The number of GP practice sites delivering the Covid vaccine from this week has plummeted to around 100.
Previously, some 280 designated GP sites had been expected to begin vaccinating patients this week across the country.
But today it has revealed that practices in ‘more than 100’ areas are set to receive deliveries of vaccine stock, ready to start clinics this afternoon and tomorrow.
NHS England said: ‘Practices in more than 100 parts of the country are taking delivery of the vaccine today, with some kicking off their clinics this afternoon and the majority starting on Tuesday.
‘Groups of health providers are setting up local vaccination centres in villages, towns and cities covering every part of the country.’
It added that ‘more practices and community pharmacies in other parts of England [will be] joining on a phased basis during December and in the coming months’.
It remains unclear when further GP sites are due to go live as part of this first wave and what the reason is behind the reduction in numbers. An NHS England spokesperson told Pulse that there would be more vaccine deliveries later in the week, but would not say how many sites would be able to join.
However, it comes as Pulse revealed that PCNs have had to pull out of delivering the Covid vaccine this week because of the MHRA’s new anaphylaxis safety guidance – with other PCNs left to urgently reconsider plans.
And NHS England last week reached out to PCNs reconsidering their vaccine plans, saying they should approach their commissioner for support.
At GP sites going live this week, teams will begin vaccinating those over 80, as well as care home residents and staff ‘along with other countries in the UK’.
NHS England said: ‘Residents of care homes in England will also receive their first vaccine later this week after distributors finalise new, stringent processes to ensure safe delivery of the PfizerBioNTech vaccine.’
NHS England said earlier this month that the rollout of the Pfizer vaccine would not begin in care homes, despite residents and staff being the JCVI’s first priority group.
NHS England primary care medical director Dr Nikki Kanani said: ‘GPs, nurses, pharmacists and other primary care staff are eager to play their part in protecting people against coronavirus.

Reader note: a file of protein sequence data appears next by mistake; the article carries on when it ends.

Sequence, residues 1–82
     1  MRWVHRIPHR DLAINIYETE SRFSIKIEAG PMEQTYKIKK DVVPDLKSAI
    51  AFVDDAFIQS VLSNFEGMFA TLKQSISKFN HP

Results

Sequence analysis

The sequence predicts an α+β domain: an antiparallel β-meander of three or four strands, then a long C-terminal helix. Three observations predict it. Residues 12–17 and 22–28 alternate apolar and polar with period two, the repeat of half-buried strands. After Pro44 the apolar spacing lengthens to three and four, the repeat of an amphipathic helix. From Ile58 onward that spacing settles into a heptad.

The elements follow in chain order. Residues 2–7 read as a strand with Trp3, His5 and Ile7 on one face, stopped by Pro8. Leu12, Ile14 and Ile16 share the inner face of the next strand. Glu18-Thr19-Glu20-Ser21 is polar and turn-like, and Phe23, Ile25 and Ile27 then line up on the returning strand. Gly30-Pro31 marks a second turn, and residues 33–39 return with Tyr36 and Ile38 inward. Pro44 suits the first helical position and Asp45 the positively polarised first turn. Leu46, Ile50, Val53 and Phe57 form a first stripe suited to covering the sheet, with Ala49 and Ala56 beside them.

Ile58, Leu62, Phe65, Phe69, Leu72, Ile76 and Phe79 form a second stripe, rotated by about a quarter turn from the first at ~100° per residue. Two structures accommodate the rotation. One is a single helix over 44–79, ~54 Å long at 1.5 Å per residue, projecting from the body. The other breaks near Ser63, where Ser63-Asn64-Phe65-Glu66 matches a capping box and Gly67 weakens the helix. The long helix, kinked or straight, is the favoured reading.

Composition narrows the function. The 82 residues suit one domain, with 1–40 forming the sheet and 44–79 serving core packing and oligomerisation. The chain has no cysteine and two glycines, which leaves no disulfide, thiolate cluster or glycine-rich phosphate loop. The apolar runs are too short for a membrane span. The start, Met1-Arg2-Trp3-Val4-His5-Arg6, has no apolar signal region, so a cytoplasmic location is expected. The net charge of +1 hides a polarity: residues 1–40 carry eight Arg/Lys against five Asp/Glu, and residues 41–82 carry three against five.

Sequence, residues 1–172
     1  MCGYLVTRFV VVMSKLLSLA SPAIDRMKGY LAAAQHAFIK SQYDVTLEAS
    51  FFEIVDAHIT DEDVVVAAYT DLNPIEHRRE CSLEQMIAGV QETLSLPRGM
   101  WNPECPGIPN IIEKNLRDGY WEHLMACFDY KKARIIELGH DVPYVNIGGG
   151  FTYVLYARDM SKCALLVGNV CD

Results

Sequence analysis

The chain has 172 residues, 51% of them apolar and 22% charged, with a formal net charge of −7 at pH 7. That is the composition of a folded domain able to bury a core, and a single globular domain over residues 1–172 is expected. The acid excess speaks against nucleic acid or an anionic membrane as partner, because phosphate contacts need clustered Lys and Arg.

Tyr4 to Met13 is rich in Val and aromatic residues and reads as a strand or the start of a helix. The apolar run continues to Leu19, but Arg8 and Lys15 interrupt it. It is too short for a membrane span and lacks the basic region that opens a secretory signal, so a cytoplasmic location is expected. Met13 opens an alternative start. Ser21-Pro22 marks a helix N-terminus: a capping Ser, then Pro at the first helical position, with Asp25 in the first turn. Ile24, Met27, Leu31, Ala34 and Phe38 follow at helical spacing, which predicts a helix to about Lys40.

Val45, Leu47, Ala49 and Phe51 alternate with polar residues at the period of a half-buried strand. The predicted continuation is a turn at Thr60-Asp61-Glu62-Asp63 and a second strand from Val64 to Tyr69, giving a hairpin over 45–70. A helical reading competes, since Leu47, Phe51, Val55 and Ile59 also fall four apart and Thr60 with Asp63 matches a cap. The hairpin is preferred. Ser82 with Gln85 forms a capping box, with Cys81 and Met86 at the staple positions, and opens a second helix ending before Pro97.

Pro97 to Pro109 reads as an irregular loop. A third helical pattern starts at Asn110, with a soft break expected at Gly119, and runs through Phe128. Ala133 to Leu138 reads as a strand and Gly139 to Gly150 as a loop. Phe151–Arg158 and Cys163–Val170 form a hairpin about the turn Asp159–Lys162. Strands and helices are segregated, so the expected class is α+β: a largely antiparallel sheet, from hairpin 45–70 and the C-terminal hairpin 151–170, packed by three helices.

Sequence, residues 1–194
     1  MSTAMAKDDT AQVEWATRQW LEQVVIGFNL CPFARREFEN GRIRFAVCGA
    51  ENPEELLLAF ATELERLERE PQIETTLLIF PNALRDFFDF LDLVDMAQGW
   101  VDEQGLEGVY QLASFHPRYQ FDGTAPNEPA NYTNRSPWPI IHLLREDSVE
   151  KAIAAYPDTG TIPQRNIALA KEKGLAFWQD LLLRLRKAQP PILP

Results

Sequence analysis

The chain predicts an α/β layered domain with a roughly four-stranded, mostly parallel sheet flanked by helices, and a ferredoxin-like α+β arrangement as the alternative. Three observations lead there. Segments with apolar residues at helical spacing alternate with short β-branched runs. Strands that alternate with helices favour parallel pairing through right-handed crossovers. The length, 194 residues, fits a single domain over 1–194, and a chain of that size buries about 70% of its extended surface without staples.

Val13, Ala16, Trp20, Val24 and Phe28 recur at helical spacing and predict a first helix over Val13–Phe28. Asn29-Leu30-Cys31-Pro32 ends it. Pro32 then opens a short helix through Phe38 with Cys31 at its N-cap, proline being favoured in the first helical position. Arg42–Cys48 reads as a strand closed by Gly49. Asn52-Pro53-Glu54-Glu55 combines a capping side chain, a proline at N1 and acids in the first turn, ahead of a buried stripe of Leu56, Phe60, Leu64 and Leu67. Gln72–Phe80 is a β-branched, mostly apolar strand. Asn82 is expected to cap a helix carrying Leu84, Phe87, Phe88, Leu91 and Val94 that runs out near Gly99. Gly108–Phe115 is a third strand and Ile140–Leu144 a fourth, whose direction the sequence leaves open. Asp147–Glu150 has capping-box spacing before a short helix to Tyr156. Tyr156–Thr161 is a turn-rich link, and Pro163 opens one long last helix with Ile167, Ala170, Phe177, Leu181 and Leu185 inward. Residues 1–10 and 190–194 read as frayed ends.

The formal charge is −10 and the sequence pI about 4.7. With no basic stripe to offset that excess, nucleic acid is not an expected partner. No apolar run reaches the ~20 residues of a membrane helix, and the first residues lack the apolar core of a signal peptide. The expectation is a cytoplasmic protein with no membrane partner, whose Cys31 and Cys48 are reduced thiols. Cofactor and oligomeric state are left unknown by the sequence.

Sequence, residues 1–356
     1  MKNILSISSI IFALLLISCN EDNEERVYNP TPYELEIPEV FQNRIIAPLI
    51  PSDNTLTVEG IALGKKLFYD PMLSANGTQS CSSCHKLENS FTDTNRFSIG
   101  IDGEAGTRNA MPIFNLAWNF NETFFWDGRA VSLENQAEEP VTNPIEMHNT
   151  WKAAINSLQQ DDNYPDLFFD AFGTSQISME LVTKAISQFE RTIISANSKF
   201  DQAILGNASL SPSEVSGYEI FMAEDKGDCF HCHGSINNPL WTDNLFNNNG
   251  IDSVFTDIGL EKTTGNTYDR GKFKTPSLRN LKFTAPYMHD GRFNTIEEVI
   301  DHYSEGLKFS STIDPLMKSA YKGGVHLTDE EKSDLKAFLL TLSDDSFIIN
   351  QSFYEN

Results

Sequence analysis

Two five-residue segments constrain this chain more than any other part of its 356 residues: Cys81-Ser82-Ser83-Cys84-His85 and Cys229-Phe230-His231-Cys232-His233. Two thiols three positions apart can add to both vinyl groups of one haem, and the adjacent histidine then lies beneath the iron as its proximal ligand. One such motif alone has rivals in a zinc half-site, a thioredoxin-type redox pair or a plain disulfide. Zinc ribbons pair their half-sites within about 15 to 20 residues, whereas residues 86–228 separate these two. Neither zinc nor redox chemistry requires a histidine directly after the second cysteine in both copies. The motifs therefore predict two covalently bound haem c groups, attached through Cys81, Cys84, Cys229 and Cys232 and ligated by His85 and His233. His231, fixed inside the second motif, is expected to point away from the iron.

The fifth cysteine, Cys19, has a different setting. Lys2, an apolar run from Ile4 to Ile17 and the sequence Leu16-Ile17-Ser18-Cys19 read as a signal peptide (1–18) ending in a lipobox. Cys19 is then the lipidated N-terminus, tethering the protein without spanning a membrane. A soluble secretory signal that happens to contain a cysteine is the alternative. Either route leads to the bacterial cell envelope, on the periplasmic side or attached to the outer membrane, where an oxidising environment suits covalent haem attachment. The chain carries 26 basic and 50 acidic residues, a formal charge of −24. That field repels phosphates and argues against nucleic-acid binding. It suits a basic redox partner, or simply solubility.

‘As a GP I am proud to be part of this huge national effort to protect our patients against the virus and I would urge the public to come forward when they are called up for the vaccine.’
BMA GP Committee chair Dr Richard Vautrey added: ‘This will be a major undertaking and now hundreds of GP practices working together in locally based practice groups will ensure that this vital vaccination campaign is carried out as swiftly as possible.’
RCGP chair Professor Martin Marshall warned that it would be ‘an enormous challenge’, with GP teams delivering the Covid vaccine programme alongside this year’s expanded flu programme and ‘the usual care and services our patients rely on us for’.
He said: ‘There are also logistical challenges but general practice has an excellent track record of delivering mass vaccination programmes, and we want to use this experience to help protect people from Covid-19 and start getting life back to normal again.
‘We won’t be vaccinating everyone all at once – it will be a relatively small number at first – but as long as there is supply, GPs and our teams at selected sites will start vaccinating people this week, starting with our most vulnerable patients.’
Professor Marshall added that patients will be invited for vaccination and should not contact their practice.
A spokesperson for NHS England said: ‘Practices will start vaccinating once all the necessary safety checks have been completed, and when surgeries can demonstrate they meet updated guidance, with hundreds ready to vaccinate this week thanks to the hard work of GPs, nurses, pharmacists and other primary care staff.’
GPs were last weekend given the green light to start delivering Covid vaccinations in the week commencing 14 December.